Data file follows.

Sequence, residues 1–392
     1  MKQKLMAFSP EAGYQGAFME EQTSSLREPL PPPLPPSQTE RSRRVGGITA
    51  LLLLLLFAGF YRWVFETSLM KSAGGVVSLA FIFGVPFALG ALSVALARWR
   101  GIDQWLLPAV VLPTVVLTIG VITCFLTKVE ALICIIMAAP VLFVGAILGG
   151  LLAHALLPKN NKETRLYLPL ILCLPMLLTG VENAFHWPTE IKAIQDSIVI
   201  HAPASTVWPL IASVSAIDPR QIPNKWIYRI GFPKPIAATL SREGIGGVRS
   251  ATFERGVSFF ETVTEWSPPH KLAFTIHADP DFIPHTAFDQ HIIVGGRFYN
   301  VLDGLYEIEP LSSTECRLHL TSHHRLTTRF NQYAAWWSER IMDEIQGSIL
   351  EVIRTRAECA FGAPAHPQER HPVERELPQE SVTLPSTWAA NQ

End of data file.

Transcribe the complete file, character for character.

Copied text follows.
Sequence, residues 1–392
     1  MKQKLMAFSP EAGYQGAFME EQTSSLREPL PPPLPPSQTE RSRRVGGITA
    51  LLLLLLFAGF YRWVFETSLM KSAGGVVSLA FIFGVPFALG ALSVALARWR
   101  GIDQWLLPAV VLPTVVLTIG VITCFLTKVE ALICIIMAAP VLFVGAILGG
   151  LLAHALLPKN NKETRLYLPL ILCLPMLLTG VENAFHWPTE IKAIQDSIVI
   201  HAPASTVWPL IASVSAIDPR QIPNKWIYRI GFPKPIAATL SREGIGGVRS
   251  ATFERGVSFF ETVTEWSPPH KLAFTIHADP DFIPHTAFDQ HIIVGGRFYN
   301  VLDGLYEIEP LSSTECRLHL TSHHRLTTRF NQYAAWWSER IMDEIQGSIL
   351  EVIRTRAECA FGAPAHPQER HPVERELPQE SVTLPSTWAA NQ